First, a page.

Encroachments on our Ancient Language

Recently I was flipping through the Old Statistical Account, written in the 1790s. I was wondering whether a particular individual in Inveran, situated in what I knew was a Gaelic-speaking parish, would have understood English or not. The parish accounts revealed the beginning of a mighty cultural transformation, from one tongue to another.

The minister of Tain did a detailed analysis. He found that the ‘inhabitants of the town speak the English, and also the Gaelic or Erse. Both languages are preached in the church. Few of the older people, in the country part of the parish, understand the English language; but the children are now … taught to read English.’ In rural Rogart, those with English ‘speak it grammatically, though with the accent peculiar to most of the Northern Highlanders.’ So, in the 1790s townspeople were probably bilingual, older country-people were probably monoglot Gaelic speakers, and younger country-people were taught English at school.

Lt Col Sutherland in Gaidhlig

Lieutenant Colonel Alasdair Sutherland (1743-1822) from Braegrudy, Rogart, is buried underneath this rather ostentatious pillar which details his life in both English and Gaelic. Photo: Elizabeth Ritchie

The second (or New) Statistical Account was written in the 1830s and 40s. By then Gaelic was still generally spoken in rural parishes and more and more people could also read it: in Kincardine each family owned a Gaelic Bible and Psalm-book. The minister of Lairg even thought that because they could read, the people now spoke their own language ‘more correctly.’

English was gaining ground. Young people learned at school but a ‘considerable proportion’ of Rogart’s population acquired the language ‘from books, and occasional conversation with educated persons’. They were therefore ‘more easily intelligible to an Englishman than the dialect spoken by the Lowland Scotch’ because their English had only ‘a degree of mountain accent and Celtic idiom’. Some English speakers had settled in the area, but they had not had any effect. These shepherds had moved from the Lowlands as the Sutherland Estate developed commercial sheep rearing operations and could speak only English. Lacking Gaelic must have meant a rather lonely existence. Their families had assimilated and all spoke Gaelic.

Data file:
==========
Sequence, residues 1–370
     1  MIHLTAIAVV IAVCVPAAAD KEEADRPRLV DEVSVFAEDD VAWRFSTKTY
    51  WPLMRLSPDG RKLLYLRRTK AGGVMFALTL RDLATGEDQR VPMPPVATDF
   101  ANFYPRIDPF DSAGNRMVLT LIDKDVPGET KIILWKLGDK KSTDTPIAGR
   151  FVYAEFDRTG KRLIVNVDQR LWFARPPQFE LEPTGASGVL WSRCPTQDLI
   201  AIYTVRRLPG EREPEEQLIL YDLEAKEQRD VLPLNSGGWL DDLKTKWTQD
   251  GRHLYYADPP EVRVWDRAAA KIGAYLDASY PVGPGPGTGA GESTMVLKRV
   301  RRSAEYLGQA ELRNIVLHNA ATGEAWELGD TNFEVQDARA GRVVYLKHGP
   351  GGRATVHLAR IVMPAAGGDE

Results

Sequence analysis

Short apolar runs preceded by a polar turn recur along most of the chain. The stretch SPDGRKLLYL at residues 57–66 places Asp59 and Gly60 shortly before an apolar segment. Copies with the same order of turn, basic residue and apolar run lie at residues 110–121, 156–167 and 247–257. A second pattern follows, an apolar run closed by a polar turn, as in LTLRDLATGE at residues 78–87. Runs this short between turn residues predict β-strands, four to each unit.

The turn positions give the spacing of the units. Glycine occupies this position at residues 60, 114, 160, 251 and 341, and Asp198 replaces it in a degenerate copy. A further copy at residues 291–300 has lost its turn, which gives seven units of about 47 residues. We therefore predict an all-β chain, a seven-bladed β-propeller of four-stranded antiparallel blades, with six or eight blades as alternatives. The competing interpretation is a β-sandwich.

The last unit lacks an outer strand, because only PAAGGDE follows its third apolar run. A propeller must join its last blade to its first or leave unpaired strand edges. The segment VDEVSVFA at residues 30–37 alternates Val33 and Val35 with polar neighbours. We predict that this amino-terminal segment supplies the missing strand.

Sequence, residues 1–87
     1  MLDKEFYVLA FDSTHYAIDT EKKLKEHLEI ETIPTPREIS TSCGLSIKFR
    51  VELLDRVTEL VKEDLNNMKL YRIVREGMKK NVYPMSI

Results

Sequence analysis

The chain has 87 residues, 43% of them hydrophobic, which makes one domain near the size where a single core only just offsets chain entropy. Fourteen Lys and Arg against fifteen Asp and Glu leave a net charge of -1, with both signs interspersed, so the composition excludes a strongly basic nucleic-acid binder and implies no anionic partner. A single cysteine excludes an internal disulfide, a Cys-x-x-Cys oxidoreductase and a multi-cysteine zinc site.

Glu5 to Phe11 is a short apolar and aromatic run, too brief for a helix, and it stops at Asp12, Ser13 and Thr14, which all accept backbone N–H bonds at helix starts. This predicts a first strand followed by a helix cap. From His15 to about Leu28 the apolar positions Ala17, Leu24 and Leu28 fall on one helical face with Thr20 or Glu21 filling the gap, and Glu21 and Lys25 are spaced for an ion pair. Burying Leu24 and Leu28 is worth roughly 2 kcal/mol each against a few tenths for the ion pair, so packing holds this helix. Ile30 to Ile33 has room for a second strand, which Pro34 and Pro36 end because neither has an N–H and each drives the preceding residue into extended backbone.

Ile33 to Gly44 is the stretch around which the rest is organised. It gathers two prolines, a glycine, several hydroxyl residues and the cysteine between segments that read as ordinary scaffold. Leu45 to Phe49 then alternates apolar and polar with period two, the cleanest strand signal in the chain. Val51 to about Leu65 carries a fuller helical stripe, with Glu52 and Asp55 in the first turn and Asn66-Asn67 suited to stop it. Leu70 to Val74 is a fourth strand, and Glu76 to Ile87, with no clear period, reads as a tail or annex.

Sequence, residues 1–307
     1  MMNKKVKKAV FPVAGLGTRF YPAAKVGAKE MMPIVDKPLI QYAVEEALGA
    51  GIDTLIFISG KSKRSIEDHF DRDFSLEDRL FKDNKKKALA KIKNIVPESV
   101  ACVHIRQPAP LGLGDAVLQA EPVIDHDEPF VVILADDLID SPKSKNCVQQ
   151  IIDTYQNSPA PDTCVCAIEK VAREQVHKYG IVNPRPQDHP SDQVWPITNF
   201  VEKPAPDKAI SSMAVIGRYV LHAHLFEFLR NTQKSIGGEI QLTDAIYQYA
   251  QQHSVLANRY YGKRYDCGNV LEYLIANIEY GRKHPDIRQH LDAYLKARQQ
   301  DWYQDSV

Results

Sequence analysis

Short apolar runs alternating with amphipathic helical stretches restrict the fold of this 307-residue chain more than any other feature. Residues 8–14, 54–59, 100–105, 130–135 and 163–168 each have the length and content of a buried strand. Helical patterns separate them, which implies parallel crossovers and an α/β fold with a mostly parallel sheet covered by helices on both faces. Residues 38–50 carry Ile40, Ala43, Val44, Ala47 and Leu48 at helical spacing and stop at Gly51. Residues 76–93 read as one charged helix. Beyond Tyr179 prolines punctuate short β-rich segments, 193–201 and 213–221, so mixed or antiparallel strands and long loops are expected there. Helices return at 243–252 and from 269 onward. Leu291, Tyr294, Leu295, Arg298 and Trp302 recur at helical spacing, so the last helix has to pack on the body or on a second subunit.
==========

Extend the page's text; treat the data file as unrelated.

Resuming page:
Despite the extension of English, the ministers of Lairg and Kincardine felt Gaelic had not lost ground as it was used in everyday and in religious life. The rural parishes which bucked this trend were Creich, where English was used by the majority, and Edderton, where they spoke ‘English less or more perfectly’. It is probably no coincidence that these parishes are close to the towns of Dornoch and Tain.

Intrigued by this change, yesterday evening I took a turn about the town of Dornoch, then drove to Pittentrail before cycling towards Lairg. I wanted to find evidence of Gaelic. There wasn’t much. Most was tokenistic, or connected with names of streets, towns or houses. There was a nice little collection of materials in the Dornoch Bookshop and a poster for traditional music events. When and how did this dissolution of Gaelic happen?

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The towns acted as catalysts for language change. In Dornoch this was dated from about 1810 and in Golspie from the 1790s. It was ascribed to the influx of ‘persons from the south country’ and to the increase in formal education, first in Gaelic then in English. The minister of Dornoch noted this was as much due to Gaelic schools as to English ones. Indeed in the town of Tain it was rare to find a person under the age of thirty who could speak Gaelic.